Palm oil and vegetable oils:

World vegetable oils markets showed mixed trends last week. Palm Oil prices were little changed, and Soybean Oil prices were slightly higher. Canola futures were a little lower for the week. World vegetable oils markets will see some big reports this week. MPOB will kick off the week with its monthly supply and demand report tomorrow. Average trade estimates indicate lower totals in all major categories. Production is expected to be about 1.43 million tons, from 1.57 million in November. Exports are estimated near 1.31 million tons, from 1.37 million in November.

SEE ALSO  Coffee producers in Brazil, Vietnam not selling much due to perceived low prices

Ending stocks are estimated at 1.62 million tons, from 1.66 million in November. USDA will issue updated supply and demand estimates on Thursday, and Soybean Oil demand should be very strong. Demand for vegetable oils has been good, but not great. The export volumes have been dropping in Malaysia on a month to month basis as Palm Oil is currently very high priced. Soybean Oil has seen good sales, but supplies are very good as well. The reduced sales pace partially reflects the smaller crops produced in the last six months due to the drought losses from El Nino. The smaller Palm Oil production has pushed Palm Oil prices to points where it makes sense for buyers to consider Soybean Oil. Chart patterns have turned mixed in the last couple of weeks.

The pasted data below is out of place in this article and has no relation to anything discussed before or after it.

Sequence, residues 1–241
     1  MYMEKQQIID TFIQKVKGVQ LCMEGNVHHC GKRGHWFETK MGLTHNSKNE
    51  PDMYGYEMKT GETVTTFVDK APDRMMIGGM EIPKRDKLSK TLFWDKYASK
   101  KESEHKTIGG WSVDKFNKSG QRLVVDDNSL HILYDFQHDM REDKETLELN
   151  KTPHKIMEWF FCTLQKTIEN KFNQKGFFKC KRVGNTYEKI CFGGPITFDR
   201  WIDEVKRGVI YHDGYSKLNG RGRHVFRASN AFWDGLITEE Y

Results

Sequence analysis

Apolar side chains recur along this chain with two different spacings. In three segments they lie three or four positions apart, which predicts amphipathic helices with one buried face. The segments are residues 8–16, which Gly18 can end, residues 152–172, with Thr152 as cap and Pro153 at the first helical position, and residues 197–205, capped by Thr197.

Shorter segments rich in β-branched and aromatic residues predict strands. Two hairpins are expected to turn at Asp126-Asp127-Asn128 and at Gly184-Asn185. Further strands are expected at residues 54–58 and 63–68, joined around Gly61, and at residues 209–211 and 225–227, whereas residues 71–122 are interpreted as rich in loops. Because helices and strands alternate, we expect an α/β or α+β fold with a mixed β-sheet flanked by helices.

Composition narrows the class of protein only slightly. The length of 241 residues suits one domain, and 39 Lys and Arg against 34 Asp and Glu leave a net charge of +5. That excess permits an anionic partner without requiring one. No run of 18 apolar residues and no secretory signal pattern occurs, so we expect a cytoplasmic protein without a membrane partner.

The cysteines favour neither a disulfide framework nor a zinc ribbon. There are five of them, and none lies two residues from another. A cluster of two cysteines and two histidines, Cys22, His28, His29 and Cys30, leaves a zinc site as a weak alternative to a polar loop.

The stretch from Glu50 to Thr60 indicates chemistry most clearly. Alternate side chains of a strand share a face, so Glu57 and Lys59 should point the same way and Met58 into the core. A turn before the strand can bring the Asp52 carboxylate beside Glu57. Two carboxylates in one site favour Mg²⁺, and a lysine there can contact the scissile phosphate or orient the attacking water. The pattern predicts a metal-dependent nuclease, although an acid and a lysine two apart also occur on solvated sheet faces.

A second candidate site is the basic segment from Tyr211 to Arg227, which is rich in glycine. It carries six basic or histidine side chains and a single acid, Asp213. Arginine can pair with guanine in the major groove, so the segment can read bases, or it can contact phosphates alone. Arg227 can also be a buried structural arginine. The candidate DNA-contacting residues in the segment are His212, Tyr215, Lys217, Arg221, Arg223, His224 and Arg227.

What’s new in the agriculture market this week (January 2-8)

Weekly Malaysian Palm Oil Futures © Jack Scoville

What’s new in the agriculture market this week (January 2-8)

Weekly Chicago Soybean Oil Futures © Jack Scoville

What’s new in the agriculture market this week (January 2-8)

Weekly Canola Futures © Jack Scoville

Cotton

Futures were higher last week. The weekly charts show that the longer term uptrend remains intact. Speculators are the major longs and this fact could create some down side price risk. USDA will issue its annual production reports on Thursday morning, and strong production is anticipated after the big increase in production estimates seen in November. However, it is an open question if USDA needs to increase production again, and it could cut production slightly if it finds it overshot the estimate in November. Demand estimates should remain strong as export sales and shipments in general have been very strong. The situation in India remains difficult as the market has yet to open much due to the changes in monetization of the country. The government has changed bills and appears to be forcing more electronic transactions to open the economy and increase transparency. The US has been able to sell more Cotton into the world market this year due to these developments, and even Pakistan has become a good buyer as they look to replace purchases normally made from India. China has been buying US Cotton to blend with their own production. The US should remain a strong seller for the next few months and the longer term sideways to up trend should remain intact.

What’s new in the agriculture market this week (January 2-8)

Weekly US Cotton Futures © Jack Scoville

Frozen concentrated orange juice and citrus: